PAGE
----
Thursday, 7 February 2013

On the supposed weaknesses of MMT: Response to Palley

The first two articles are an "attack" on MMT by Thomas Palley, and is then followed by another article by Randall Wray rebuffing his claims. RS.

It really rankles critics that MMTers claim they predicted the Euro disaster before anyone else saw it coming.
The only problem with that is that we never said such a thing. All we’ve said is that we got it right. If others also got it right, that is great. If they said it first, even better. Rewards and Awards all around. I expect they are very few in number, part of a very select group that understood what was wrong with the Euro.
My colleague at Levy, Michael Stephens got it exactly right. What matters is to understand WHAT was wrong in the set-up in order to formulate the right policy to get out of the mess:
As discussed at GLF recently, Sergio Cessaratto (and others) think we got it wrong–our claim is “spurious”. MMT is not useful for helping to understand the crisis. It is not a sovereign currency crisis, it is a balance of payment crisis. They have not yet explained why South Dakota or Alabama or Mississippi is not suffering the fate of Greece.
Along comes another critique, by Tom Palley, whose claim is not only does MMT get it wrong, it was not first. Nay, Tom got it right before MMT. I won’t get into that because I could care less who was first. If it was Tom, give him applause.
Yet Tom’s argument is that MMT has always been flawed. First, it supports full employment. More specifically through the Job Guarantee. He has always opposed that. You see, he worries that if we give jobs to the poor, they’d buy food and that would drive up food prices for the already employed. My view is that is wrong on so many levels, especially for anyone who claims to be progressive. Yes, the poor need to eat. Give them jobs so they can get food. If that means Tom has to pay higher prices, so be it. I don’t believe his story, anyway. That is related to his second complaint.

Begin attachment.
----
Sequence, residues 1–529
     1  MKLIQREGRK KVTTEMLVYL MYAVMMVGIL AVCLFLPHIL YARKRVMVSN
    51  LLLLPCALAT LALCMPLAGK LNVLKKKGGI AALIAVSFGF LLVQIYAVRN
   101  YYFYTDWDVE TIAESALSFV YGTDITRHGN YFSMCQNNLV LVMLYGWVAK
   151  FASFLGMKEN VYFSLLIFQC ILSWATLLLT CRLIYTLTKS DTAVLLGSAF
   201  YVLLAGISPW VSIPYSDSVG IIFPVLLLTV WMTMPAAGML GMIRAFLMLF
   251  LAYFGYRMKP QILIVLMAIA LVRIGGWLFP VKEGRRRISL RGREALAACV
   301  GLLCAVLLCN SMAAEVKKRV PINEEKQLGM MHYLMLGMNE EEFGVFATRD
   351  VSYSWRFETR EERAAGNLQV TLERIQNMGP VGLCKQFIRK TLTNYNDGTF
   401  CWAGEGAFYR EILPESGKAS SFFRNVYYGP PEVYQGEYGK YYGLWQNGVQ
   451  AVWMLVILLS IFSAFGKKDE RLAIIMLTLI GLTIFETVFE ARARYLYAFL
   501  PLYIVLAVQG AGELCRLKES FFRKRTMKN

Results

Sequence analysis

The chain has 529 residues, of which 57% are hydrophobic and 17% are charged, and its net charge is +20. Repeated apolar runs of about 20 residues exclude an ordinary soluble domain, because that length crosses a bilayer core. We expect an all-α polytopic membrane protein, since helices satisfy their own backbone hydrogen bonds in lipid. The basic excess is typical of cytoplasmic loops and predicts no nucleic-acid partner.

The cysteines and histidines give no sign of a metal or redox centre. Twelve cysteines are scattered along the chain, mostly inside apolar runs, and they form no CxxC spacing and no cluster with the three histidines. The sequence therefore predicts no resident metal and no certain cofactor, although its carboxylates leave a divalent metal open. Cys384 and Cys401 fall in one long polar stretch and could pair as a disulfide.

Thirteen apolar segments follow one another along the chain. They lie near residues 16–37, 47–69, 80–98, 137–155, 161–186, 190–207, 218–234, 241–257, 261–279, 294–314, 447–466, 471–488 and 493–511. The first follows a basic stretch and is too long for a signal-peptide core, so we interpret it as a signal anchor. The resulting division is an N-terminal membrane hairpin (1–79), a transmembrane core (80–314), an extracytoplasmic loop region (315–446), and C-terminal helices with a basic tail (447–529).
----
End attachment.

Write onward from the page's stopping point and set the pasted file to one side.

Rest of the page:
The other argument made by Tom is that MMT ignores all the bottlenecks that would be created by full employment. Those would cause inflation. Hence, better to keep people unemployed so they cannot buy food that would create bottlenecks in the production of foodstuff. My colleague at UMKC, Mat Forstater, takes issue with this claim. MMT has from the very beginning dealt with the bottleneck issue. Let me provide a long quote–with citations–from Mat (note the Job Guarantee is also called Employer of Last Resort–ELR):
“Tom Palley says that MMT “ignores the effects of sectoral bottlenecks and imbalances” (see ). In 1997, shortly after arriving at the Levy Economics Institute to work on this project, Levy issued a working paper dealing with exactly these issues, “Selective Use of Discretionary Public Employment and Economic Flexibility”
In a note on “Institutionalist Approaches to Full Employment Policies” from the JEI in 1998, I wrote that: “involuntary unemployment is not simply an “aggregate” problem. The obstacles to full employment also include issues of sectoral proportionality and balance, and the bottlenecks that characterize the technological structure of production of a dynamic modern capitalist system running at high levels of capacity utilization.”  ( )
I went on to argue that the ELR proposal addresses unemployment due to both insufficient effective demand and ongoing structural and technological change. The same argument was addressed in the following:
“Flexible Full Employment”
“Public Employment and Economic Flexibility”
“Full Employment and Economic Flexibility”
and a half dozen other papers. All these papers also recognize that these structural factors may be a source of inflation, before full employment is reached, so Tom Palley’s additional claims that MMT assumes an “L-shaped supply schedule” (though we don’t use the flawed AS-AD framework or ISLM, but if we interpret what he’s saying as “does not recognize structural factors that can be a source of inflation at high levels of employment and capacity utilization”), and “lacks an adequate theory of inflation” (if we interpret this similarly), are also suspect. (In fact, a similar reply as this could be easily replicated for every one of his claims.)